Josh Marotti replied on Tue, 2010/10/19 - 3:05pm in response to: Andrew McVeigh

That was why I applied a visitor pattern to an enum before ;)

Alexander Radzin replied on Sun, 2010/10/24 - 5:05pm in response to: Josh Marotti

Josh,Visitor pattern adds behavior to existing enum element. I tried to show that enum itself may be "dynamic", i.e. you can create enum and fetch its elements from file or DB. This is the point.

Alexander Radzin replied on Sun, 2010/10/24 - 5:12pm in response to: Josh Marotti

I believe that my "dynamic enum" and "dynamically loaded map" are pretty the same things. The problem is in refactoring. Probably I was not clear enough, but I tried to explain the usecase. Imagine that you defined your enum and used it across your application hundreds of times. Now you get new requirement that forces you to store the enum elements in database. You can change your code and move from enum to regular class that is just like enum but is actually not. Instnces of this class are initiated from DB. I tried to suggest a way to make this refactoring easier and more elegant. That's it.

Marcelo Magalhães replied on Tue, 2011/06/14 - 2:13pm

Excellent article. Exactly what I was looking, but the zip file it is corrupetd. Can you re-load it again in DZone?

Marcus Bond replied on Tue, 2011/12/20 - 8:22am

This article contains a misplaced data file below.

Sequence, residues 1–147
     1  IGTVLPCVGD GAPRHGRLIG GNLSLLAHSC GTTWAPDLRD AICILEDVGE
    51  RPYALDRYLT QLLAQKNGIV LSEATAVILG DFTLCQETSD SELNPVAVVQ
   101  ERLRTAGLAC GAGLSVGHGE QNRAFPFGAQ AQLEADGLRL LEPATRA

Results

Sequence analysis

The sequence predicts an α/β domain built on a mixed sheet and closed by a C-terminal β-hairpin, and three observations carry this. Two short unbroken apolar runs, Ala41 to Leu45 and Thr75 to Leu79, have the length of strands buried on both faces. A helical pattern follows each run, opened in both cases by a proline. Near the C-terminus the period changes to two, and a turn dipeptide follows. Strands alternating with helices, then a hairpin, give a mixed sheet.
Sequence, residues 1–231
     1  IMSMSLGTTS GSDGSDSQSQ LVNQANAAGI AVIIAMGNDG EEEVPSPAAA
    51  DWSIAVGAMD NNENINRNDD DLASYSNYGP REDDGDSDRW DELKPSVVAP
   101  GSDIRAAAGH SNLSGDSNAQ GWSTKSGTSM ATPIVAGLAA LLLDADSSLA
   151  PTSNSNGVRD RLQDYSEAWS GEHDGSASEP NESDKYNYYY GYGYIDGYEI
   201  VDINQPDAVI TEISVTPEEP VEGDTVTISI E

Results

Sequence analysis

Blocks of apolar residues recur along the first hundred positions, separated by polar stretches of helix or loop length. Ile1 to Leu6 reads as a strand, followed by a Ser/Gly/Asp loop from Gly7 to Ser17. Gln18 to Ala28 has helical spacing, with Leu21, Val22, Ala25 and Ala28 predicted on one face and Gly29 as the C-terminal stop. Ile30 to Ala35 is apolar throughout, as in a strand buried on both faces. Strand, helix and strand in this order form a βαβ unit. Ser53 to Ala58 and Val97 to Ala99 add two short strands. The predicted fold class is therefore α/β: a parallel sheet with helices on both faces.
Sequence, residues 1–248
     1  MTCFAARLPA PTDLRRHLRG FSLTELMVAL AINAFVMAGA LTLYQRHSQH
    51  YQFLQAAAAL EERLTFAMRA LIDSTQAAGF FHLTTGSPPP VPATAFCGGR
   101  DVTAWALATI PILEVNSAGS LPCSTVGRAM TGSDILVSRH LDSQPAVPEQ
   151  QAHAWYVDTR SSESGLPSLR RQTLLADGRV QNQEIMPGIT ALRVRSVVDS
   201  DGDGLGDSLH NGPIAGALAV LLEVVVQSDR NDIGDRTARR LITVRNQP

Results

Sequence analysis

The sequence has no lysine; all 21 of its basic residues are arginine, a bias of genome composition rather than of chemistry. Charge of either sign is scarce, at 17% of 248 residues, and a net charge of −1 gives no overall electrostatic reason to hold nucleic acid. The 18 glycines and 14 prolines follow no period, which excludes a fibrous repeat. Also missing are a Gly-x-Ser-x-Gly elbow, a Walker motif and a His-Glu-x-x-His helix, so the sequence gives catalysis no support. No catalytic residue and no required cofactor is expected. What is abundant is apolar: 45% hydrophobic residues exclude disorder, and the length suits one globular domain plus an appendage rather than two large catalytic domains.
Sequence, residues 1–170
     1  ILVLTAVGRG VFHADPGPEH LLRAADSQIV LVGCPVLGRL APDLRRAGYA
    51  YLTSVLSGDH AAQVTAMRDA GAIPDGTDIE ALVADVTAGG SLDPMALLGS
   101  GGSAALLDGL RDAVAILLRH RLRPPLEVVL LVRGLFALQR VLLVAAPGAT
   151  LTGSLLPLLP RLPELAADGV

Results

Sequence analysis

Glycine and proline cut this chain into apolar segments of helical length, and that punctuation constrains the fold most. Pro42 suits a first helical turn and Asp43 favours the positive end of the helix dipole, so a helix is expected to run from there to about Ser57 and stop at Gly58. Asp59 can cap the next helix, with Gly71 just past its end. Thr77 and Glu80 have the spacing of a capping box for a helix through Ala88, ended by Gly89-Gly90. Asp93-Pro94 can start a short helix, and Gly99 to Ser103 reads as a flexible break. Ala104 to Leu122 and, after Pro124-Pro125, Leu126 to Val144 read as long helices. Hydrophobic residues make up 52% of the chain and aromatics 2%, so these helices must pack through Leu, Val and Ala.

Interesting but really this article should be called 'List of Values tricks' and only serves to confuse the meaning and purpose of enums which are not supposed to be dynamic. The key word below is compiler.

Enum helps because rather than say enumerating a traffic light system Red, Amber, Green with integers (but nothing prevents you setting a light to a different arbitrary integer outside of the permitted range without extra validation code) you can create an Enum class (TrafficLightColourEnum) and the compiler will ensure that only TrafficLightColourEnum instances are used, furthermore these can (and probably would) be used in switch statements. Loading up TrafficLightColour values (say Pink, Blue, Purple, Grey) dynamically would be useless.

A custom unique colour code list along with description applied to say email categories would make sense to be dynamic but it is a set / list of values and your code elsewhere doesn't rely on or care about the values, and importantly neither does the compiler.

So, view Enum as something defined at compile time and fixed, if it is dynamic then you have a set, the two are similar but different things where an Enum is effectively a fixed set (not a java.util.Set) that the compiler is aware of.

As an aside, your DigitsDynaEnum having static references to the allowed instances is similar to a trick used to implement enum-esque behaviour (but without switch-case support) in Java prior to the introduction of Enum in 1.5, just remove the Generics and initialise them all via a private constructor in a static block.